School lets pie fly for charity Event: After collecting food for the needy, some middle-schoolers were rewarded with the chance to throw pies at their teachers' faces.

January 11, 1998|By Anne Haddad | Anne Haddad,SUN STAFF

It was a chance to throw a pie in the face of a teacher -- with no danger of being suspended.

"Do you accept the challenge, Mr. Flanagan?" English teacher Richard Thompson asked seventh-grader Danny Flanagan at Westminster's West Middle School on Friday.

"Yeah, but our grades won't be affected in any way, will they?" Danny said.

He already knew the answer but was hamming it up for his 130 classmates, members of Team 4.

They were filled with the anticipation of watching Danny and five other lucky students get ready to hurl pie tins filled with cream into the faces of their six teachers.

"We told them for every 200 cans of food they brought in for the needy, one of us would take a pie," Thompson said.

The "pies" were not real because the event was part of a food drive, and the teachers decided it would be shameful to waste food in an indulgent display of low comedy.

When math teacher Amy Airing came up with the idea and proposed it to her colleagues, she figured it would boost the amount that the students brought in. It worked. Two boys, John Geiman and Bryan McDermott, each brought in 40 cans. Several collected more than 20 cans each, and all but six or seven students brought in at least one can.

For each can they brought in, students got to enter their names in a drawing for a chance to sock it to a teacher.

West Middle has held a pie-eating contest among the teachers as a charity fund-raiser. But this was the first time they had a pie-throwing event. Airing, in her second year of teaching, said she got the idea when she heard a few years ago about principals agreeing to undergo humiliation if students read enough books.

In particular, she remembers Bronson Jones, then principal at Northwest Middle School, agreeing to kiss a pig brought in by a parent.

Other principals have agreed to spend a day on roller skates, on the school roof or dressed as the school mascot.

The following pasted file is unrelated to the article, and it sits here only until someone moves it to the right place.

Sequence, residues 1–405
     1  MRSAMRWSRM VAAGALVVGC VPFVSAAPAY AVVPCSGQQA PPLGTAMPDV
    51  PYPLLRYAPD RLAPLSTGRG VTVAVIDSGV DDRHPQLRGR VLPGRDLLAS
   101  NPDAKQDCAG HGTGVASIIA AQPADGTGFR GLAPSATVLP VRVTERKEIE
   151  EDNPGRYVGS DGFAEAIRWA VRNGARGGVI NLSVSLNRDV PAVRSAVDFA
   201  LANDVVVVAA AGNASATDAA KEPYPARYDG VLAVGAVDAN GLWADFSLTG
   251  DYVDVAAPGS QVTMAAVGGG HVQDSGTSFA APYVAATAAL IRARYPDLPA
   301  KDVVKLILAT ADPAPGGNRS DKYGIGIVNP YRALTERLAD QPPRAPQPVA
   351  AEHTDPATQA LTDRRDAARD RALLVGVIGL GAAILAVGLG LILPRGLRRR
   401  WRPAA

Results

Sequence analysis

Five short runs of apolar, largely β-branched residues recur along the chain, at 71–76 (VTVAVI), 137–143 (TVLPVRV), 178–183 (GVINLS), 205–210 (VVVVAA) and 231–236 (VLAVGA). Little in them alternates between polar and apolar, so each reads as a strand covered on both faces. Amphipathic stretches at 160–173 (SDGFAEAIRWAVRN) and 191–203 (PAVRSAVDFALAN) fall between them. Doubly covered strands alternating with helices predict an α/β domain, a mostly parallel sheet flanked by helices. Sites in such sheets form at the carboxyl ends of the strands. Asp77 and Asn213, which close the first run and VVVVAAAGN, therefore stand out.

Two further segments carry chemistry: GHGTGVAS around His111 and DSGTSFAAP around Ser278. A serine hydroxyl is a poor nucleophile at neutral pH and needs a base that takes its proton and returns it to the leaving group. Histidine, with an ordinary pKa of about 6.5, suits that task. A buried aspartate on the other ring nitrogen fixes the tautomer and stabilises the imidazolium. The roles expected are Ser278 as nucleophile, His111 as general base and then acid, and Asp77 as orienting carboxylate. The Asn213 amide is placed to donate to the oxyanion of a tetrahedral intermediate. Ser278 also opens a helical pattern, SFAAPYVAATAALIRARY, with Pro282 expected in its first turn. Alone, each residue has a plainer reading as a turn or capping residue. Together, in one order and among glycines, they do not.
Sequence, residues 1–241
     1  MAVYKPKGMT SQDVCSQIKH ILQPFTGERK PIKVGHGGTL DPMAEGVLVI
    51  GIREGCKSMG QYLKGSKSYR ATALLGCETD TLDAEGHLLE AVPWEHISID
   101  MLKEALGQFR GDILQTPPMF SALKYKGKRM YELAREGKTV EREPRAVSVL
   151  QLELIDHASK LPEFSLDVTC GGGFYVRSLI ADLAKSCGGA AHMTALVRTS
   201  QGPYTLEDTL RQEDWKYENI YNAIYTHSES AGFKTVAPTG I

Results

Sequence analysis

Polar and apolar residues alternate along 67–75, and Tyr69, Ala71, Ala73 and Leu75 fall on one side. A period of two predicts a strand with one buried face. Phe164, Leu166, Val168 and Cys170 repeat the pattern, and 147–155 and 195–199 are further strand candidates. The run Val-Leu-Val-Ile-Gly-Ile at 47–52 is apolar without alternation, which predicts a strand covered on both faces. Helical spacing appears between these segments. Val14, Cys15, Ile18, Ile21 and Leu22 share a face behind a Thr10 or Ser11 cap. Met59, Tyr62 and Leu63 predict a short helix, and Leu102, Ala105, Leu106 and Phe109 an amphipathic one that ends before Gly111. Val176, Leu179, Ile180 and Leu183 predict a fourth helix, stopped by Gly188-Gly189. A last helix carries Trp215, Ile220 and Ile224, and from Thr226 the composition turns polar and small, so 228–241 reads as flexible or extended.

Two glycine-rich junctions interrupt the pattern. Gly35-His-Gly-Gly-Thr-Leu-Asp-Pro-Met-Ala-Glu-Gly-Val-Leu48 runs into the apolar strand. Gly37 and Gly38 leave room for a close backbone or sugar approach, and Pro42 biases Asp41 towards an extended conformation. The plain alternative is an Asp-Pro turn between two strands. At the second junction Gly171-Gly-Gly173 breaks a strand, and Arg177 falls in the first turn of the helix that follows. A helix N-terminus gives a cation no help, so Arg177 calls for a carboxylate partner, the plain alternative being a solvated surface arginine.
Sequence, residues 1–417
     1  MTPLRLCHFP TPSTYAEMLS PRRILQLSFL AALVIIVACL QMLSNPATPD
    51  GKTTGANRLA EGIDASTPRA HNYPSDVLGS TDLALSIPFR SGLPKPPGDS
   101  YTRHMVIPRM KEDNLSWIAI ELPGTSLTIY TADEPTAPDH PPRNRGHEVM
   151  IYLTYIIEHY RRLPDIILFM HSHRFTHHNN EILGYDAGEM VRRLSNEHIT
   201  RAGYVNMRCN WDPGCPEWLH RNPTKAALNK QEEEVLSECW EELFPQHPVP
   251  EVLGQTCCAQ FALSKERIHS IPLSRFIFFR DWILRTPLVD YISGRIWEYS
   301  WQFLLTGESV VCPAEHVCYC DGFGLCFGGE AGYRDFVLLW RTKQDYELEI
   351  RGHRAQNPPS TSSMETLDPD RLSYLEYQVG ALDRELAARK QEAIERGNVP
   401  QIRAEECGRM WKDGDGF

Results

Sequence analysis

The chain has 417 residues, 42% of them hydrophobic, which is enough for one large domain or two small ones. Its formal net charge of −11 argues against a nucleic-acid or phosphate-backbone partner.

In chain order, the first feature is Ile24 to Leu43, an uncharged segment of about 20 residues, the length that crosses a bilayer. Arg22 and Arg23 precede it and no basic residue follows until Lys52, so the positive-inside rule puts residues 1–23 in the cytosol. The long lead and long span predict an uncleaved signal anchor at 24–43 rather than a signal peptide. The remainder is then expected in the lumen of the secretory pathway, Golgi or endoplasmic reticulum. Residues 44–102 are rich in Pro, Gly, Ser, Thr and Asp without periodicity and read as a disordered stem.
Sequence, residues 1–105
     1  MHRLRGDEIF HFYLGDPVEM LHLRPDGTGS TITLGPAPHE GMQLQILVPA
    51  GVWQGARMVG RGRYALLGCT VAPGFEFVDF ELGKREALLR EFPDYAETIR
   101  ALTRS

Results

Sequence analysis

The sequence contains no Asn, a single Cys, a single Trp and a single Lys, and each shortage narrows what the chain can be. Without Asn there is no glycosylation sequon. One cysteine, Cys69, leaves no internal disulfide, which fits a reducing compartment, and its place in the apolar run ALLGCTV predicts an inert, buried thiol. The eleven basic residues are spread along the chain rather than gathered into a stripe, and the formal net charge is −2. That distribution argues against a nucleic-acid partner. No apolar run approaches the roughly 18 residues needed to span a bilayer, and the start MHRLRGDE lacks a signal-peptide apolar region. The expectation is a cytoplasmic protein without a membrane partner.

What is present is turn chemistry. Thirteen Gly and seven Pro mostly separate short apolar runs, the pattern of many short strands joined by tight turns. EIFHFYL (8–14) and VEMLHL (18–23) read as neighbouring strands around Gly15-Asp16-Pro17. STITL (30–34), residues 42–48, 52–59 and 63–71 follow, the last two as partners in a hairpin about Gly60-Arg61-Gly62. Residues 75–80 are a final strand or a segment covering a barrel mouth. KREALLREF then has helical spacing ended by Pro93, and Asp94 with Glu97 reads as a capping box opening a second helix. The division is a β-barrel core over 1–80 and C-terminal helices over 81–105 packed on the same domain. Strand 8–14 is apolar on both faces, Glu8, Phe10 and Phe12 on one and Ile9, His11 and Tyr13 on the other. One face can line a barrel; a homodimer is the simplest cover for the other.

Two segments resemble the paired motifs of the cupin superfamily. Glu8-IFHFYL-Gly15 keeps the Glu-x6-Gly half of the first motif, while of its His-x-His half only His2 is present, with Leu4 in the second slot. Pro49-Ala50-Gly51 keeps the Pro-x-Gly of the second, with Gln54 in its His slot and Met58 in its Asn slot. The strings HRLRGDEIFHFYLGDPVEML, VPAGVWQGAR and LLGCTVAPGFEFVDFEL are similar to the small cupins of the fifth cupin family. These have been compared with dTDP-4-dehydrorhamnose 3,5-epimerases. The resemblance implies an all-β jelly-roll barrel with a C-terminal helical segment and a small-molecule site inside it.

Airing figured a pie in the face was worth the payoff -- 1,162 cans of food for the local food bank, Carroll County Food Sunday.

"I think it's cool of the teachers to do this," said Kenny Watts, one of the seventh-graders. "It made us want to work harder to bring in the cans."

Thompson, a veteran teacher, said the event offered a lesson to the students. "You have to show the kids that you're human, that you're willing to have fun," he said.

After he took his pie of lime-scented shaving cream (a couple of teachers opted for whipped cream, some for shaving cream), Thompson wiped off all but a little goatee-shaped triangle on his chin.

"This is really refreshing," he said.

Patricia Gibson, the social studies teacher, was especially daring.

Each teacher had to build a mound of cream in his or her pie tin, and she piled hers high.

She chose shaving cream, she said, so that she wouldn't waste any food.

Student Justin Starnes delivered the pie to Gibson's face, to a drum roll by classmate Jesse Magee.

"How did it feel to pie a teacher?" classmate Bryan Carnaggio asked later. Justin shrugged. About 8.5 on a scale of 1 to 10, he said. Mostly, he was impressed that Gibson was such a sport about the amount of cream in her pie.

"I thought she wasn't going to put very much on it," Justin said.

And while other teachers wore garbage bags fashioned into tunics, Gibson came prepared with a rain poncho.

Some expected the worst.

Science teacher Tracy Lee had chastised her class minutes pTC earlier for not putting their noses to the grindstone on the genetics unit they were studying. She warned that there would be a quiz tomorrow, and anyone who did poorly couldn't start the lab work until they went through a review. Students also would have to give up lunch to do makeup work.

"I wasn't sure how hard they were going to throw it," Lee said, explaining why she cringed and shut her eyes seconds before she got her pie from Danny Flanagan.

"I was really scared," she said.

And Airing, the last to take a pie, let as little of the whipped cream as possible go to waste, licking the cream Lucy Ricardo-style before the gleeful students.

Pub Date: 1/11/98

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